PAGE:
Are self-administered coffee enemas an effective way to remove toxins in the body and safe enough to be considered "not that big of a deal"? No, that's missing context: The claim that do it yourself at-home coffee enemas are a safe and effective way to cleans toxins from the body is not proven by any scientific or medical data. A 2020 study found serious safety issues and no clear evidence for effectiveness of self-administered coffee enemas.
The claim appeared as a video (archived here) where it was published on Facebook on March 19, 2022. The video narration opens:
Yes, pouring a quart of coffee up your butt sounds weird, but it's one of the fastest and most effective ways to get rid of a whole lot of toxins all at once and it's really not that big of a deal.
This is what the post looked like on Facebook at the time of writing:
(Source: Facebook screenshot taken on Mon Mar 20 20:01:08 2023 UTC)
The caption on the video begins:
Do it one time and you'll understand that really, it's not that big of a deal! And that you couldn't even pay someone to make you feel as good as you will right after doing one of these bad boys.
The video shows a man appearing to prepare and administer a coffee enema at home while a child is with him. It shows him in various rooms in a home concocting the mixture and then lying on the floor appearing to be self-administering the liquid. The narrations claims, "all you need is an enema kit, water and specially roasted coffee beans."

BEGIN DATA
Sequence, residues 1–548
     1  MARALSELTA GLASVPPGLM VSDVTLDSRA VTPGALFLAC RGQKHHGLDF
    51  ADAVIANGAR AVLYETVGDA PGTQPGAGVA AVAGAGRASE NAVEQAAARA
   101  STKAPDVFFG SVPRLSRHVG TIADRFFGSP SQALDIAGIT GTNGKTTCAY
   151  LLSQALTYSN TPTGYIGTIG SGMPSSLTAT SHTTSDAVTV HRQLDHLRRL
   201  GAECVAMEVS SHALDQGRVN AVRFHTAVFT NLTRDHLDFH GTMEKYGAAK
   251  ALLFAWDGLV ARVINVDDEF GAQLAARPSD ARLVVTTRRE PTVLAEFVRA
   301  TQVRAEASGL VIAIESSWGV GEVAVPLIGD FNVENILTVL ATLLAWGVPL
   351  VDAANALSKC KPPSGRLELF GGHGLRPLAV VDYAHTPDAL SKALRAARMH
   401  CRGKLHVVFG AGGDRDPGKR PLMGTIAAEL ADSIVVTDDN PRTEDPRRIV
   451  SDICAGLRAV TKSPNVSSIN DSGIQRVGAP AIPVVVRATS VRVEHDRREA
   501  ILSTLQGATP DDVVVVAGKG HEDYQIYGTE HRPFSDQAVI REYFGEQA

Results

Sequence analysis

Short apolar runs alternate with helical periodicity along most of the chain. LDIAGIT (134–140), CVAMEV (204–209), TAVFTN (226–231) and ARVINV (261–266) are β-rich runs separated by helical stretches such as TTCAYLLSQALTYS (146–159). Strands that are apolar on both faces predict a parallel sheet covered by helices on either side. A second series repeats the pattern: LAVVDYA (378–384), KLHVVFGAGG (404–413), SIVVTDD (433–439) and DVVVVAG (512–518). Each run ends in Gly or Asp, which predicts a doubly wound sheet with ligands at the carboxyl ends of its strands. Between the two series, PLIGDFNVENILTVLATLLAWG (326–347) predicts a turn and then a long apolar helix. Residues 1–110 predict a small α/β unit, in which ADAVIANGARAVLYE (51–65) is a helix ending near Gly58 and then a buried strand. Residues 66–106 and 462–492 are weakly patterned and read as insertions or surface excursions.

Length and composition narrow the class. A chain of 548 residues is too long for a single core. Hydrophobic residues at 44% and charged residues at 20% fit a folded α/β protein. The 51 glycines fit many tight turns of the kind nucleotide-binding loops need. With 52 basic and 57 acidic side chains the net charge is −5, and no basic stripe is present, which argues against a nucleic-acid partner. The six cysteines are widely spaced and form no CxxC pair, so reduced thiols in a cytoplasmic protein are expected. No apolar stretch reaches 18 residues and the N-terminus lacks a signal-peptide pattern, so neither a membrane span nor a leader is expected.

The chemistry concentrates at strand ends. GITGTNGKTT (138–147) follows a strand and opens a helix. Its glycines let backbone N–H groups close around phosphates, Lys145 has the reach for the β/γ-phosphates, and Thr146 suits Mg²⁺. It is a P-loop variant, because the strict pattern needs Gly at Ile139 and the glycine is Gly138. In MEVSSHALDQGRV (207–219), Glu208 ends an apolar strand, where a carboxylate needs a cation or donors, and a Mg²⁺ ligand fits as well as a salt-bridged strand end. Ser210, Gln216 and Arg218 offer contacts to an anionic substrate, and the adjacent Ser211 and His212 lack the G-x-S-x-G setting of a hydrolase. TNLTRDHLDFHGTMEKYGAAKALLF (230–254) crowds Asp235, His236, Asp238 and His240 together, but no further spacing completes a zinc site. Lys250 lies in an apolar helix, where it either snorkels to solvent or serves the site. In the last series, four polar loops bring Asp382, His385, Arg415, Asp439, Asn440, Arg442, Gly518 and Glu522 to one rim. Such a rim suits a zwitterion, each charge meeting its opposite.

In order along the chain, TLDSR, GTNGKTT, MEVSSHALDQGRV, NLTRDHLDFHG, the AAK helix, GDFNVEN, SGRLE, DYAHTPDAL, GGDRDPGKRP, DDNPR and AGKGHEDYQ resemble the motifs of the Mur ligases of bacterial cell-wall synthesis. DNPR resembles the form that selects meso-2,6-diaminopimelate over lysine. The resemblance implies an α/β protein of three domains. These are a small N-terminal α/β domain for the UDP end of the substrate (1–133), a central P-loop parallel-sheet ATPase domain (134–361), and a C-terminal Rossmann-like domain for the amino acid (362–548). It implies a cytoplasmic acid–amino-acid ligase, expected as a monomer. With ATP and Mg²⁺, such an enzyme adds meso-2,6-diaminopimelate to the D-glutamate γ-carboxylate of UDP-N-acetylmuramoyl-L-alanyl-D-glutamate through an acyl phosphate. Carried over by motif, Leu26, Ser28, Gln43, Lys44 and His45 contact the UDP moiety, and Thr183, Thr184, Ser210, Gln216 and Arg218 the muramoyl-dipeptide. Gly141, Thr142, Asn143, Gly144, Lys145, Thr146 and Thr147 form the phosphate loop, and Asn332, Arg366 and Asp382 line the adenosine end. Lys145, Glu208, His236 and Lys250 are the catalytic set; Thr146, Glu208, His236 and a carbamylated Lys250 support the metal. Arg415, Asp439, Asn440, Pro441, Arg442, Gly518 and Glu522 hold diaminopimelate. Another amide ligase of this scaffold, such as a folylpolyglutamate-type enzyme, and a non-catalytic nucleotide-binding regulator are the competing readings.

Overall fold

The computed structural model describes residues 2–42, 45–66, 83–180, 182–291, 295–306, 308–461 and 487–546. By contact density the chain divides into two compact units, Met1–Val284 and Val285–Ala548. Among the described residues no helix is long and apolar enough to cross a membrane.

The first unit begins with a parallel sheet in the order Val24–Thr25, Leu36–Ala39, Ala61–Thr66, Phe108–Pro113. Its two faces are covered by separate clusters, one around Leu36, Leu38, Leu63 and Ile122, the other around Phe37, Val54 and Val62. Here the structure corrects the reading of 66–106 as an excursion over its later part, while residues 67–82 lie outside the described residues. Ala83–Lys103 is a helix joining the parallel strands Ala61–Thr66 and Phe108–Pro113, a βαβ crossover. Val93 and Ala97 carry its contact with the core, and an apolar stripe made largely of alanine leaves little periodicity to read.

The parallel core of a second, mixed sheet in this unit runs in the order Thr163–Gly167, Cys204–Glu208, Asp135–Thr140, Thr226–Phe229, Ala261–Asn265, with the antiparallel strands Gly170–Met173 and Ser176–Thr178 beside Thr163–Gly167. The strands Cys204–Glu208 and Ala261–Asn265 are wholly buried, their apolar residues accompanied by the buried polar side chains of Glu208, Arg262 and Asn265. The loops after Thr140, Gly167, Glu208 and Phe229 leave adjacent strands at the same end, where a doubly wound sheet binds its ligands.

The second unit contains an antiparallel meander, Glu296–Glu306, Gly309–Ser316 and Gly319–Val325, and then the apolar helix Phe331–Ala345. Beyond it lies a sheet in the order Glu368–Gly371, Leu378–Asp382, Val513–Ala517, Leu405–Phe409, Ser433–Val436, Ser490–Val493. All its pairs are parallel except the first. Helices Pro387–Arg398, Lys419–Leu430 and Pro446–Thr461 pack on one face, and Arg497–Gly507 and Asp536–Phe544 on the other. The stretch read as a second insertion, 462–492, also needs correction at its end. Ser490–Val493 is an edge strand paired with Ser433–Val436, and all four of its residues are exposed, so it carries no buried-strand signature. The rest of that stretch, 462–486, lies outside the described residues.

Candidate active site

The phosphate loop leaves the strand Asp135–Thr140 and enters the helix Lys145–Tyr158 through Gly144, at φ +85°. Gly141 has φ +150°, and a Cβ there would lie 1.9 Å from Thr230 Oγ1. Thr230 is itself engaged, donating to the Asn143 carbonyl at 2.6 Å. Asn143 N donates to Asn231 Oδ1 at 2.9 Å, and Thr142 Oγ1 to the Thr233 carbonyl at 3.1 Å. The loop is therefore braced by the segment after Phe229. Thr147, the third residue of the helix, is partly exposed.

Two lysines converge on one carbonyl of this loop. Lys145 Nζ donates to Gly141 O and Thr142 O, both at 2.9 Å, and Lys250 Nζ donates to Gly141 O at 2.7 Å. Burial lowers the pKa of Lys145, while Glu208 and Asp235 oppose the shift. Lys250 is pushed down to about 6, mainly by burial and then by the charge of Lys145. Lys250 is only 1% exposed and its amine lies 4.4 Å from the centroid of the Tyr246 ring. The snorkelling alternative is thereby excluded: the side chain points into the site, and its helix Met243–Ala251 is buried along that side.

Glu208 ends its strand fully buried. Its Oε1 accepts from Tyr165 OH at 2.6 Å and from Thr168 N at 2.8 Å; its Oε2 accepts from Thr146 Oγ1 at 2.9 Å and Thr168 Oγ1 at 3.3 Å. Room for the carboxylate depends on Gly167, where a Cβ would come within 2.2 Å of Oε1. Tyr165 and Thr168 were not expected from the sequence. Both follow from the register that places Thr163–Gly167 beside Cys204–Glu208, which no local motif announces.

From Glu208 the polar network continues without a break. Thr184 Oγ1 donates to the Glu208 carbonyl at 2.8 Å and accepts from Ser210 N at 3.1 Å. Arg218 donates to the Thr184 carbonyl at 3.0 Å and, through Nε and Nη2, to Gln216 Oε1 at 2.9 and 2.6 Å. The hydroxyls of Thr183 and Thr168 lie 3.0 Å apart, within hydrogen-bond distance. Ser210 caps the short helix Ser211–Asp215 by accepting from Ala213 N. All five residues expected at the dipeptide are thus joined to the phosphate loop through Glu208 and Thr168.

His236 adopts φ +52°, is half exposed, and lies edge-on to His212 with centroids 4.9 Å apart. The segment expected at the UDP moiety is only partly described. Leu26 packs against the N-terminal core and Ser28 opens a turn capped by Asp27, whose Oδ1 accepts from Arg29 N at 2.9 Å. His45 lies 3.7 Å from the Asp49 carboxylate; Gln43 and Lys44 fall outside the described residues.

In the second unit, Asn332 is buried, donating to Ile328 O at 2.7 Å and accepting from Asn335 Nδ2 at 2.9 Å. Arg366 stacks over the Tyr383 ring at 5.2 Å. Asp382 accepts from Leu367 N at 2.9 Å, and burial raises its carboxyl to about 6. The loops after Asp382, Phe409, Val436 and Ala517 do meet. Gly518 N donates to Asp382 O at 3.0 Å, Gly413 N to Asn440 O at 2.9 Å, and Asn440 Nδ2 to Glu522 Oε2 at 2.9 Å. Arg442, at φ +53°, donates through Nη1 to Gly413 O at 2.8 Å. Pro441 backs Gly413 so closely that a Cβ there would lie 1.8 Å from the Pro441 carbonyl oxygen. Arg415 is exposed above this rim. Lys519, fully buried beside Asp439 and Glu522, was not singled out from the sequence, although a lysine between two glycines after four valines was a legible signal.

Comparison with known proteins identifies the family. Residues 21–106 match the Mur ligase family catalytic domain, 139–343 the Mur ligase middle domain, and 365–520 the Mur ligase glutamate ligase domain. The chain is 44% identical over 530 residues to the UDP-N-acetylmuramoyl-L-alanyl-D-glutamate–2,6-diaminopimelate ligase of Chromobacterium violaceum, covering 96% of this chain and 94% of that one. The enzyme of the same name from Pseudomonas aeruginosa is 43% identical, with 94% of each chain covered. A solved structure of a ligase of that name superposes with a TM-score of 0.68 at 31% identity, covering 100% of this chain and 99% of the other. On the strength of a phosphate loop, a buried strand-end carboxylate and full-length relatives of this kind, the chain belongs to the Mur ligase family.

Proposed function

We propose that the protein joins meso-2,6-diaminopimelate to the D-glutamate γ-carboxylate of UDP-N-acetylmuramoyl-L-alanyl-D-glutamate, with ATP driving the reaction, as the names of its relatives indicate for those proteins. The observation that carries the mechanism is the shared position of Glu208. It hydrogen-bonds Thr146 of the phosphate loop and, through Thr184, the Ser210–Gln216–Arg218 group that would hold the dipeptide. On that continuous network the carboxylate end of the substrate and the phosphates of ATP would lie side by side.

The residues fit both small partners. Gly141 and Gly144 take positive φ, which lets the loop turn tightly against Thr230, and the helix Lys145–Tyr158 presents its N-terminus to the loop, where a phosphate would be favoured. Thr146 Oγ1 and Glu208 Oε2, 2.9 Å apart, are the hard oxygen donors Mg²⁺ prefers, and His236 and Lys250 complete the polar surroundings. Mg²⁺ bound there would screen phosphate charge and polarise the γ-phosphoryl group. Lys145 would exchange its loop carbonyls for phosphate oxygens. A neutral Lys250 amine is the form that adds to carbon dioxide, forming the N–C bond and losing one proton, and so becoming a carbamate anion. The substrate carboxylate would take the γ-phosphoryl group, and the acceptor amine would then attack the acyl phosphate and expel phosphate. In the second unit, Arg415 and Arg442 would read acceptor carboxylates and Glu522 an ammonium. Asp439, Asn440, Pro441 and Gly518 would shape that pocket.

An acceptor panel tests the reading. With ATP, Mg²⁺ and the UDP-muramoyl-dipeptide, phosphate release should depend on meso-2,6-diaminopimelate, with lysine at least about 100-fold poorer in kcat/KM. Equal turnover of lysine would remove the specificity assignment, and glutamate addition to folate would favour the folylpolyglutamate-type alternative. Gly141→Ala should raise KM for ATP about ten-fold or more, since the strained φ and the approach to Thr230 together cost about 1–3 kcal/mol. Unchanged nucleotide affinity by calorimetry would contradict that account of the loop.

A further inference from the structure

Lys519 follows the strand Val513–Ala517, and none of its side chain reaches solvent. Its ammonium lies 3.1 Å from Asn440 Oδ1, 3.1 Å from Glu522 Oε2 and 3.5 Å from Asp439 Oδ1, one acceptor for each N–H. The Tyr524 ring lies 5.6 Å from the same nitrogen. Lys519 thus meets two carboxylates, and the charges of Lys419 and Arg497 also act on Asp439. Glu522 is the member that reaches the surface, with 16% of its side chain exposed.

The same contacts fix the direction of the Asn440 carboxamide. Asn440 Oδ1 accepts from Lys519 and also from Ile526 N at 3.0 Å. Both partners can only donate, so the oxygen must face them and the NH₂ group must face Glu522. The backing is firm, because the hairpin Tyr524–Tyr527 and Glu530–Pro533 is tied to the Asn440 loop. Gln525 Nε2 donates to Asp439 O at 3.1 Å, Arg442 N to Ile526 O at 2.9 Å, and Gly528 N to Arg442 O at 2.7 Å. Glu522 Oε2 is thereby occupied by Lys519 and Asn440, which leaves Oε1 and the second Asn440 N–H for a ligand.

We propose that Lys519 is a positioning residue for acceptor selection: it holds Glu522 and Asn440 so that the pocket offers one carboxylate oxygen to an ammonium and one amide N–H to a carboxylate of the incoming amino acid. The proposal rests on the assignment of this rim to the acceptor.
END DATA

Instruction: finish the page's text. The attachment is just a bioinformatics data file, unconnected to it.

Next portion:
There are no disclaimers or warnings in either the narration or in the text on the video nor in the caption on the post. The only claim about the potential effects of a coffee enema are in the narration where any implication about the method possibly being controversial is dismissed by the phrase, "it's really not that big of a deal."
Healthline describes what a coffee enema entails, noting that if a person is experiencing constipation this treatment may bring relief:
A coffee enema is a type of colon cleanse used in alternative medicine. During the procedure, a mixture of brewed, caffeinated coffee and water is inserted into the colon through the rectum.
The Mayo Clinic, a leading medical research institution, warns that colon cleansing can be harmful:
Proponents of colon cleansing believe that toxins from your gastrointestinal tract can cause a variety of health problems, such as arthritis and high blood pressure. They believe that colon cleansing improves health by removing toxins, boosting your energy and enhancing your immune system. However, there's no evidence that colon cleansing produces these effects or is beneficial at all.
And colon cleansing can sometimes be harmful. In fact, coffee enemas sometimes used in colon cleansing have been linked to several deaths. Colon cleansing can also cause less serious side effects, such as cramping, bloating, diarrhea, nausea and vomiting.
A September 2020 study published in the National Library of Medicine titled, "The safety and effectiveness of self-administered coffee enema," does not endorse the method:
Based on the evidences reviewed, this systematic review does not recommend coffee enema self-administration as a complementary and alternative medicine modality that can be adopted as a mean of self-care, given the unsolved issues on its safety and insufficient evidence with regard to the effectiveness.